The New Orleans Pelicans got through the first step of trading Anthony Davis by passing on multiple offers from the Los Angeles Lakers and one from the New York Knicks, only to wait until the offseason to rekindle talks. Yet the decision to play him in limited capacity for the remaining 27 games of the season could be one that could make or break the franchise for years to come.
The NBA recently threatened to fine the Pelicans $100,000 for each game the Pelicans sit Davis out, which could be as much as $2.5 million if the franchise was to make that choice today with only 25 games left.
The league has put every weapon at hand to stop teams from sitting their star players, but the Pelicans could be paying a price that is simply too steep for the NBA to ever repay.
The NBA has a stranglehold on the Pelicans, making them decide between challenging the league or looking out for the wellness of their future.
New Orleans decided to play Davis in restricted amounts, potentially sitting him in back-to-back sets and reducing his minutes from the 37-per-game average he carried until his nine-game absence due to a finger avulsion and the consequent healthy scratches from being on the trade block.
The league did not fine the Pelicans for the three games Davis sat under the aforementioned excuse, yet nothing has changed — Davis is still on the trade block, he just wasn’t traded by the deadline, as could happen with any star player.
Teams will often protect their trade assets by sitting them before a looming deal goes through, as a way to prevent injuries or wear-and-tear that could cause a team to lower its offer or pull out of negotiations altogether.
So why take a different approach through the last 25 games of the season?
The stakes are the same. New Orleans is looking to move Davis and playing him could potentially cause them to get a smaller return if he suffers an injury of any kind.
Something as slight as logging a mere 60 games in a season due to injury could be enough reason for a franchise to put out the “injury-prone” label on a player and offer less than the full value warranted for his services. So far, Davis has missed 14.
Blockbuster trades are indeed, a constant push-and-pull until a team gives in or (very seldom) is completely satisfied with the price paid at hand.
Resting a player like Davis proves the team is interested in protecting the assets and securing the most possible in exchange. In layman’s terms, even a mild injury to Davis can result in a less-valuable player in return or one less draft pick — something that could prove awfully valuable for a team that is determined to clean house and start anew.
Instead, the Pelicans are now forced to play Davis in limited, yet still significant ways, as the NBA would not forsake the fans’ entertainment for the sake of a deal in the works. The same fans that loudly booed Davis upon being introduced in the starting lineup.
— Andrew Lopez (@_Andrew_Lopez) February 9, 2019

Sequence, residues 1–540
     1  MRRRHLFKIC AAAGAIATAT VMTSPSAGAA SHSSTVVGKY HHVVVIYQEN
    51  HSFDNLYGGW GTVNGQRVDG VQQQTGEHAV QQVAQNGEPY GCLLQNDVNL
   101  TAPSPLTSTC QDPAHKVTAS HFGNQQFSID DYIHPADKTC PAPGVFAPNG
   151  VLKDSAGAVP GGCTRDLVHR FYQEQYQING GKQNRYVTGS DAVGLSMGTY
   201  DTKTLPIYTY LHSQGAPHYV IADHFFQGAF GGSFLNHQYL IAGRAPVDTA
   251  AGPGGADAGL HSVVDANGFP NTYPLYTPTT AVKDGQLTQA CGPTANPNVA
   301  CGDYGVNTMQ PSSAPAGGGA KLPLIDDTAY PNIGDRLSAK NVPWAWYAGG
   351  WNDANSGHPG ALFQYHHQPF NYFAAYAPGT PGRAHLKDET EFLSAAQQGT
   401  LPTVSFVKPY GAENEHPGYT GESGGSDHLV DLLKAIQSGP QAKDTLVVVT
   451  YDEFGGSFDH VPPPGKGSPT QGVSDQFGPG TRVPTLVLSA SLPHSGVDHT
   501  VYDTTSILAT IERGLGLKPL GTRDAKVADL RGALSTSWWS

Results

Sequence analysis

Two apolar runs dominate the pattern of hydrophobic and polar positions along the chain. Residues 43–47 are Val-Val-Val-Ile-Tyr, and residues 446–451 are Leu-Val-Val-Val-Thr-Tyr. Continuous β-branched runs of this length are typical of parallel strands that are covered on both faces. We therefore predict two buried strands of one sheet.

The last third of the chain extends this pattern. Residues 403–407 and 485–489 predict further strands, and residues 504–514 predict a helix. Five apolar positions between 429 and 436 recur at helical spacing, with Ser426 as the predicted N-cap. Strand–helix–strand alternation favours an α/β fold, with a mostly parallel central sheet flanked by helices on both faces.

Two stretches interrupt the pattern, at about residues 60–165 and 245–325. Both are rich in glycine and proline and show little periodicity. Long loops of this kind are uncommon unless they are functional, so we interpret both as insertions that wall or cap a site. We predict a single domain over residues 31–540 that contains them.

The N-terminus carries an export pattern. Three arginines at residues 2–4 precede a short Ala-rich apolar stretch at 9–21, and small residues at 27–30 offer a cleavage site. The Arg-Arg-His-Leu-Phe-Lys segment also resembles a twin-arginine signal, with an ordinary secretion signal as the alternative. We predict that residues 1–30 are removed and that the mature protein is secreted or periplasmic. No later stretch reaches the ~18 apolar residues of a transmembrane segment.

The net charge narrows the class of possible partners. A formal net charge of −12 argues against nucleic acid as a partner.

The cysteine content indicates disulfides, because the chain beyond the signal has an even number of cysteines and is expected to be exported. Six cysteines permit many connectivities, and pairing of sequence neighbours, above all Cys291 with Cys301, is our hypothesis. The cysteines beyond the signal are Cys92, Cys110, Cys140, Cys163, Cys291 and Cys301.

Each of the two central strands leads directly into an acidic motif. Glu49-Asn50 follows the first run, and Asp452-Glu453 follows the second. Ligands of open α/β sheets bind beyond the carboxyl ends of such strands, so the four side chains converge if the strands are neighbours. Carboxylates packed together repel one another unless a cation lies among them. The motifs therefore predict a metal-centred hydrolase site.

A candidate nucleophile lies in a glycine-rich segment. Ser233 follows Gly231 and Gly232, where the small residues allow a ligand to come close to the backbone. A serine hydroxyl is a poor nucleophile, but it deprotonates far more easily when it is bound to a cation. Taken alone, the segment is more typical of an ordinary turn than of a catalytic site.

Playing Davis not only puts in danger a plan to tank and hoping to land a top-10 pick in this year’s NBA Draft Lottery, but also puts further strain in a front office and a head coach who will have to listen to orders from above.
The Pels are no playoff contenders, but they’re also no laughing stock — not as long as The Brow is on the floor, especially in the midst of his best season as a pro.
A line of 32 points, nine rebounds, two assists, and three blocks was enough to nail a five-point victory against the Minnesota Timberwolves, even if this all took place with Davis only playing 25 minutes.
Sitting 13th in the West and 23rd overall in the league, the Pelicans (25-32) have more to worry about than a fan base prepared to boo Davis in every home game, but also of the impending consequences that involve playing him when the fate of the franchise rests in his health.
The NBA in a way has put a stranglehold on the Pelicans that contradicts its own state of thought. Preventing stars from sitting is a way to cater to the fans and give them the full product they expected, but playing Davis will only result in a myriad of boos and signs from angry fans who once hailed him as the loyal giant of The Big Easy.
The risk of Davis potentially injuring himself (he already had missed five games before his finger injury) far outweighs a $2.5 million penalty by the league office, as trying to trade a less-than-fully-healthy Davis could be catastrophic, even potentially risking interested teams pulling out of the sweepstakes altogether if the injury is threatening enough (re: DeMarcus Cousins).
Missing out on Zion Williamson or RJ Barrett or any of the top prospects could be life-changing for a Pelicans team that is likely to strip this roster to its bare bones to build a new core of young players, and that is very much in play.
The Knicks, who currently have the worst record in the league at 10-45, could hold one of the top three selections during this upcoming lottery, one they would reportedly flip for Davis in the offseason.
To miss out on a generational talent like Williamson could rob the fans of the very essence the league has strived to keep alive, maybe even to its own peril.